For certain words he spake against your Grace
In your retirement, I had swing'd him foundly.

Duke. Words against me? this is a good Friar, belike;

And to fet on this wretched woman here

Againft our Substitute!let this Friar be found.
Lucio. But yefternight, my lord, she and that

I faw them at the prifon :-a fawcy Friar,
A very fcurvy fellow.

Peter. Bleffed be your royal Grace!

I have stood by, my lord, and I have heard
Your royal ear abus'd. First, hath this woman
Moft wrongfully accus'd your Subftitute;
Who is as free from touch or foil with her,

As fhe from one ungot.

Duke. We did believe no less.

Know you that Friar Lodowick, which the speaks of?
Peter. I know him for a man divine and holy;
Not fcurvy, nor a temporary medler, 5


In countenance] i. e. in par

tial favour.


5 nor a temporary medler.] WARBURTON. It is hard to know what is meant


As he's reported by this gentleman;

And, on my Trust, a man that never yet
Did, as he vouches, mifreport your Grace.
Lucio. My lord, moft villainously; believe it.
Peter. Well, he in time may come to clear himself;
But at this inftant he is fick my lord,

Of a strange fever. On his meer requeft,
(Being come to knowledge that there was Complaint
Intended 'gainst lord Angelo) came I hither
To speak as from his mouth, what he doth know
It true, and falfe; and what he with his oath
By all Probation will make up full clear,

Whenever he's convented. 6 Firft, for this woman;
To juftify this worthy Nobleman,

So vulgarly and perfonally accus'd, Her fhall you hear difproved to her eyes, 'Till fhe herself confess it.

Duke. Good Friar, let's hear it,

by a temporary medler. In its ufual fente, as oppofed to perpetual, it cannot be used here. It may fland for temporal: the fenfe will then be, I know him for a holy man, one that meddles not with fecular affairs: It may mean temporizing: I know him to be a boly man, one who would not temporife, or take the opportunity of your abfence to defame you. Or we may read, Not fcurvy, nor a tamperer and medler; not one who would have tampered with this woman to make her a falfe evidence against your Deputy.

6 Whenever he's CONVEN'D.] The firft Folio reads CONVENTED, and this is right: for to convene fignifies to affemble; but convent, to cite,.or fummons. Yet, becaufe convented hurts the meafure, the Oxford Editor fticks to con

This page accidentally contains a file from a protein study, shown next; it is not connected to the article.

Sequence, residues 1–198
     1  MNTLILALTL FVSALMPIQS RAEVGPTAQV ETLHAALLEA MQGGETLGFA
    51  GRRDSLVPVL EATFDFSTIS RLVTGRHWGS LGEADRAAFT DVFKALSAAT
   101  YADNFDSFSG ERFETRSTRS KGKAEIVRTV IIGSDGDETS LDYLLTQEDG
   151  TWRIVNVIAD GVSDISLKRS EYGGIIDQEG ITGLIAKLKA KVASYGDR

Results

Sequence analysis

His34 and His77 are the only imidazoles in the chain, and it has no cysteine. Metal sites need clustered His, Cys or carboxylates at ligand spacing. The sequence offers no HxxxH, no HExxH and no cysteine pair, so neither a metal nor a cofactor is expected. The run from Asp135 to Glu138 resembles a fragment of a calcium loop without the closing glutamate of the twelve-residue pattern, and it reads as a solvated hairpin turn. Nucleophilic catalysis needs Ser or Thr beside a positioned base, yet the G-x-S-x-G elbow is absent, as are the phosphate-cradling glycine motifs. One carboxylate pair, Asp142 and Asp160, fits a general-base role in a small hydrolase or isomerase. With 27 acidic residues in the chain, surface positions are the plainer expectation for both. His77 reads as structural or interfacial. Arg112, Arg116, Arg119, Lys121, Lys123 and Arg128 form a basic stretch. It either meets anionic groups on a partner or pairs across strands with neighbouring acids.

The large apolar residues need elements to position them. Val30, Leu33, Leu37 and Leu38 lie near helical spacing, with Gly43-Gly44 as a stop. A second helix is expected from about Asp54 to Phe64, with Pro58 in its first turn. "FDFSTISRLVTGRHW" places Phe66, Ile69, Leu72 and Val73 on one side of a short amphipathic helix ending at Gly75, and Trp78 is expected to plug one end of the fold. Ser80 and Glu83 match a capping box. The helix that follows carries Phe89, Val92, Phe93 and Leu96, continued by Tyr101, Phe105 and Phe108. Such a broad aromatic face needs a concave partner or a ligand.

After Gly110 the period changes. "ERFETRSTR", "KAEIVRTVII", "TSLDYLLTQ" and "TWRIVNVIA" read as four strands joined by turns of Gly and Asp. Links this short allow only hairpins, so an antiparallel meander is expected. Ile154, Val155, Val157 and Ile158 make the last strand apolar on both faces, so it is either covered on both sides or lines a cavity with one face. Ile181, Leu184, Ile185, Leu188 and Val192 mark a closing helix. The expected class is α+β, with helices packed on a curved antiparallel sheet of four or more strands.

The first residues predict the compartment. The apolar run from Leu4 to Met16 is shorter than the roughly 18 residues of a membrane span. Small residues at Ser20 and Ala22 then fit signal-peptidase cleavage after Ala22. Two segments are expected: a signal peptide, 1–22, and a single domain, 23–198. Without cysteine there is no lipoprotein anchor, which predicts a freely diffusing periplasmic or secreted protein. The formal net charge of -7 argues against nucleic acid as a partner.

ven'd, tho' it be nonfense, and fignifies, Whenever he is affembled, together. But thus it will be, when the author is thinking of one thing and his critic of another.. The poet was attentive to his fenfe, and the Editor, quite throughout his performance, to nothing but the measure: which Shakespear having entirely neglected, like all the dramatic writers of that age, he has fpruced him up with all the exactness of a modern measurer of Syllables. This being here taken notice of once for all, fhall, for the future, be forgot, as if it had never been. WARBURTON.

7 So vulgarly.] Meaning either, fo grofy, with fuch indecency of invective, or by fo mean and inadequate witneffes.


Do you not fmile at this, lord Angelo?
O heav'n! the vanity of wretched fools!
Give us fome feats;-come, Coulin Angelo, &
In this I will be partial: be you judge


Of your own Caufe. Is this the witnefs, Friar?

[Ifabella is carried off, guarded.

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First let her fhew her face; and, after, speak.
Mari. Pardon, my lord, I will not fhew my face,
Until my husband bid me.

Duke. What, are you marry'd?

Mari. No, my lord.

Duke. Are you a maid?

Mari. No, my lord.

Duke. A widow then?

Mari. Neither, my lord.

Duke. Why, are you nothing then? neither maid, widow, or wife.

Lucio. My lord, fhe may be a punk; for many of them are neither maid, widow, or wife.

Duke. Silence that fellow: I would, he had fome cause to prattle for himself.

Lucio. Well, my lord.

Mari. My lord, I do confefs, I ne'er was marry'd ; And, I confefs, befides, I am no maid;